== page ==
Wednesday, March 30, 2005

Pack your pistola and hit the road

If this Fall a rash of gunfights break out on Texas' highways, maybe you should blame me. A little bit, anyway. Or maybe it will just be okay.

Despite good intentions, I've not been blogging much when I testify before legislative committees, often because I get home tired then realize what I just sat through was boring as hell. But last night I was rewarded for waiting through a long hearing by getting to significantly influence a bill.

Testifying on behalf of ACLU of Texas at a meeting of the Texas House Criminal Jurisprudence Committee, I spoke in favor of HB 823 by Keel, which I discussed Monday, allowing Texas drivers to carry a firearm in their vehicle. The National Rifle Association was there in force behind it. Like
Sputnik from the Motorcycle Rights Association, though, I complained about a change in the committee substitute that defined "traveling" as only occurring when a driver "crosses or intends to cross a county line."

Such language would invite drivers to lie to police officers, I told the committee, since the only defense to carrying a gun in one's car would be to say you're preparing to travel to the next county.
Rep. Debbie Riddle surprised us both, I'd guess, by agreeing with me, declaring that she lived four minutes from the Harris County line north of her home, but didn't feel the need to carry a firearm traveling into Montgomery County. By contrast, she could travel for two hours south through Houston, depending on traffic, without reaching a county line, and she felt more like she needed personal protection for that trip.

I argued that current law encouraged unnecessary and unproductive vehicle searches because police officers considered even legal guns contraband. If guns were legal to own they should be legal to transport, and gun owners shouldn't be harassed. The current statute is an example of what Michael Quinn Sullivan of the Texas Public Policy Foundation has called the "criminalization of civil life," I told them. Public safety isn't the issue. If I were packing a gun in the committee meeting that evening, I said, the committeemembers wouldn't be one bit less safe because I don't want to shoot anybody. Similarly, police wouldn't be less safe because law abiding gun owners don't pose a risk, and they're already in jeopardy from the bad guys.

Chairman Terry Keel, R-Austin, the bill sponsor, said the definition of "traveling" for the purpose of carrying a firearm in your vehicle had been debated for years but never adequately resolved, and asked how I would solve it. I suggested deleting the county line nonsense, simply defining "traveling" as when someone is in a private motor vehicle, is not "otherwise engaged in criminal activity," and is "otherwise entitled or eligible to possess a firearm" - language that was already in his bill. In essence, that means that if you legally own a gun and don't intend to use it to commit a crime, you could legally transport it wherever you want in your car. After conferring a moment with his colleagues, Keel announced he would accept ACLU's suggestion. I replied that he should take it and run with it.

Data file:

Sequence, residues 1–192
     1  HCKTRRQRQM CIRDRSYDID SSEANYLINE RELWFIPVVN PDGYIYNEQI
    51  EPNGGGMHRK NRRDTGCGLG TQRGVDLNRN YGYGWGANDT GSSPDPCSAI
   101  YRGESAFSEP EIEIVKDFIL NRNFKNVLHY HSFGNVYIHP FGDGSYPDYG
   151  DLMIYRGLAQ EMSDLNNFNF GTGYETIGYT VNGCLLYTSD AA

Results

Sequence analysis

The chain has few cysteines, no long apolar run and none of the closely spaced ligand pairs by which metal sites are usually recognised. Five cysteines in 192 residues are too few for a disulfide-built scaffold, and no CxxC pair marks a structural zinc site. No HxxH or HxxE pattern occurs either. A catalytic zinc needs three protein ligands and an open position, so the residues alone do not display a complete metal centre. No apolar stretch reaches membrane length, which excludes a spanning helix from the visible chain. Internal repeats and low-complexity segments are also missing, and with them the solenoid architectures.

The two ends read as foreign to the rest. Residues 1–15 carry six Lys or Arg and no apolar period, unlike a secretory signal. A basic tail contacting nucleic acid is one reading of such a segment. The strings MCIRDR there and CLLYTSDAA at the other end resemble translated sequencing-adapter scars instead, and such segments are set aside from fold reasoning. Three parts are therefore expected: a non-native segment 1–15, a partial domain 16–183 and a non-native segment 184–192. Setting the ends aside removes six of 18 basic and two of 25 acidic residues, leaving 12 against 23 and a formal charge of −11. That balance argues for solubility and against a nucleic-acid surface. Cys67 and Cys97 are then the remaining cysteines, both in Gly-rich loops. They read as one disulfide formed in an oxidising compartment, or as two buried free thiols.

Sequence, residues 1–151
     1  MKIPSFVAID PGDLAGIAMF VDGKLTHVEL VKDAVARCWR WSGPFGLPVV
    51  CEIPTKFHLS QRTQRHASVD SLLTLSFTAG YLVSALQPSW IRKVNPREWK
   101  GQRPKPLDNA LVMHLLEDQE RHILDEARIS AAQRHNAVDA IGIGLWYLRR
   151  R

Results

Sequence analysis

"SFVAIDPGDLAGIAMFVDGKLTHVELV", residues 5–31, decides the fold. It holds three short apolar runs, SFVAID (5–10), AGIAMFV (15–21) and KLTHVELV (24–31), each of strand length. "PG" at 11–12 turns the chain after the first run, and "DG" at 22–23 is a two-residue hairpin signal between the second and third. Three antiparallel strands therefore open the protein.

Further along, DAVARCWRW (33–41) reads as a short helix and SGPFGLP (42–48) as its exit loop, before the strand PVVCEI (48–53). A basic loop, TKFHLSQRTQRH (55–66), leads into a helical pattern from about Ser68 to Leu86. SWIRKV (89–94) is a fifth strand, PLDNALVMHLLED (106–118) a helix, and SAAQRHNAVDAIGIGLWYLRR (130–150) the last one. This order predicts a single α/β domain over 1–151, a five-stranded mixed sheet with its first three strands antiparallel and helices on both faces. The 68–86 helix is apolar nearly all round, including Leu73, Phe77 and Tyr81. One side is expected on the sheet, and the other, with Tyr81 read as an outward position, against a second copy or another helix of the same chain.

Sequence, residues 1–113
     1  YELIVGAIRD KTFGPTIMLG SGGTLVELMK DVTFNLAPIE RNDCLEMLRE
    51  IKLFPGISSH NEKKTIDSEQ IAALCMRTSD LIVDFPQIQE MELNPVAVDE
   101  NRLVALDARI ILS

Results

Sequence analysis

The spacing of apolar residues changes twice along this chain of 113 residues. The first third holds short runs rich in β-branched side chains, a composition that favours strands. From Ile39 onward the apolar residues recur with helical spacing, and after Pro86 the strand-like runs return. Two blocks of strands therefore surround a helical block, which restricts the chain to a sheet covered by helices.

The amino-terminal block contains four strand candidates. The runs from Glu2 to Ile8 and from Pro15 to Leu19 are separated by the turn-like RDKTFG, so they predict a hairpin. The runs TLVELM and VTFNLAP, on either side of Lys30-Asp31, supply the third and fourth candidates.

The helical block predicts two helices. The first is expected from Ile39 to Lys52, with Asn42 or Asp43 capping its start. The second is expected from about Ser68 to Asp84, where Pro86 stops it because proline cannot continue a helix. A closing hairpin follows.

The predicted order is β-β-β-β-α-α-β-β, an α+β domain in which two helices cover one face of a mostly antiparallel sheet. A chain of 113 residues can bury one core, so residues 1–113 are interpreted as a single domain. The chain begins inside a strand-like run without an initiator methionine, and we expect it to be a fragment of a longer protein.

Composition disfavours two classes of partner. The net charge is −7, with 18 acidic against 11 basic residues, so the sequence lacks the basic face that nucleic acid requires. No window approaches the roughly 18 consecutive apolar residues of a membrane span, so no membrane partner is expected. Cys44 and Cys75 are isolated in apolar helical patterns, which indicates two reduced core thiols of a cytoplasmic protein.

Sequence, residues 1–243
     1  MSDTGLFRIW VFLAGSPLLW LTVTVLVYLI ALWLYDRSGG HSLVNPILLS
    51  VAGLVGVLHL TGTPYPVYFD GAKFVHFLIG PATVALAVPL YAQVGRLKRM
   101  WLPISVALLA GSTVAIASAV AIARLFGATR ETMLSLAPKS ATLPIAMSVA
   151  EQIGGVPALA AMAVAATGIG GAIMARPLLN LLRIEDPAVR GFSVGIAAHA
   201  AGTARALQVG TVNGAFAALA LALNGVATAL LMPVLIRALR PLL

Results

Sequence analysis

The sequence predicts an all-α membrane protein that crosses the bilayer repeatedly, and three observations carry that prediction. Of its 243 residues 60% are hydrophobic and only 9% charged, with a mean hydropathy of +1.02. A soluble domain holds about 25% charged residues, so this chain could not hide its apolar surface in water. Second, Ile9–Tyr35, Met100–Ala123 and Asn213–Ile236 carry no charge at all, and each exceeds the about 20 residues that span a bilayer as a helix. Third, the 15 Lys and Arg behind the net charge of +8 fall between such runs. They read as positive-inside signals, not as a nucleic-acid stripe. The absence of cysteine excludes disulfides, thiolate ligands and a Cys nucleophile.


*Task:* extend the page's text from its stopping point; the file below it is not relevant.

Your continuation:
I did have one chilling moment in the hearing, I'll say. A cop's wife brought by the National Rifle Association testified that she wanted to carry a small pistol, loaded, in her glove box, but assured committee members that it would be locked in the glove compartment with the safety on to protect "the little ones." If some dumbass leaves a pistol in the glove box as a result of this bill and some kid blows his fool head off, I probably won't feel so friggin clever. By contrast, though, a lot more kids die in car wrecks and that doesn't cause the government to restrict our right to travel. Sh*t happens. Similar dire predictions about allowing concealed carry permits for handguns didn't pan out, so hopefully that fear won't either. The same risk already exists in gun owners' homes.

I split after my testimony, but I see this morning that Chairman Keel wound up leaving the bill pending. I figured as much. By the time the bill had been heard (it was the final one on the agenda), the committee no longer had a quorum. It seemed to have the necessary votes, though, and could be voted out as soon as next week. Here's the video feed of the hearing, if you're interested; the bill came up at 9:55 p.m.

UPDATE: The next day this bill passed favorably out of committee.


Gritsforbreakfast said...

JDG - it is an expression of ACLU of Texas' policy, which differs somewhat from ACLU national on this subject. We supported some 2nd Amdt stuff in the 2003 session in TX, too. Best,

Anonymous said...

i need an opinion on the difference in the new will this effect motorcycle riders?
the old law in the 1973penal code book read "on,or about the person,or in the saddle bags".

Gritsforbreakfast said...


I'm not a lawyer and don't know of any formal legal opinion, but Sputnik of the Texas Motorcycle Rights Association was a strong supporter of the bill, so I assume bike riders are covered because he was happy with it.

Anonymous said...

Glad to see someone else in the ACLU defending the right of self-defense. I was on the Indiana Civil Liberties Union state board in the 1990's and got involved in 2nd Amendment issues. I discuss that and my switch to the individual rights view of the 2nd Amendment on my "Why I Carry" site at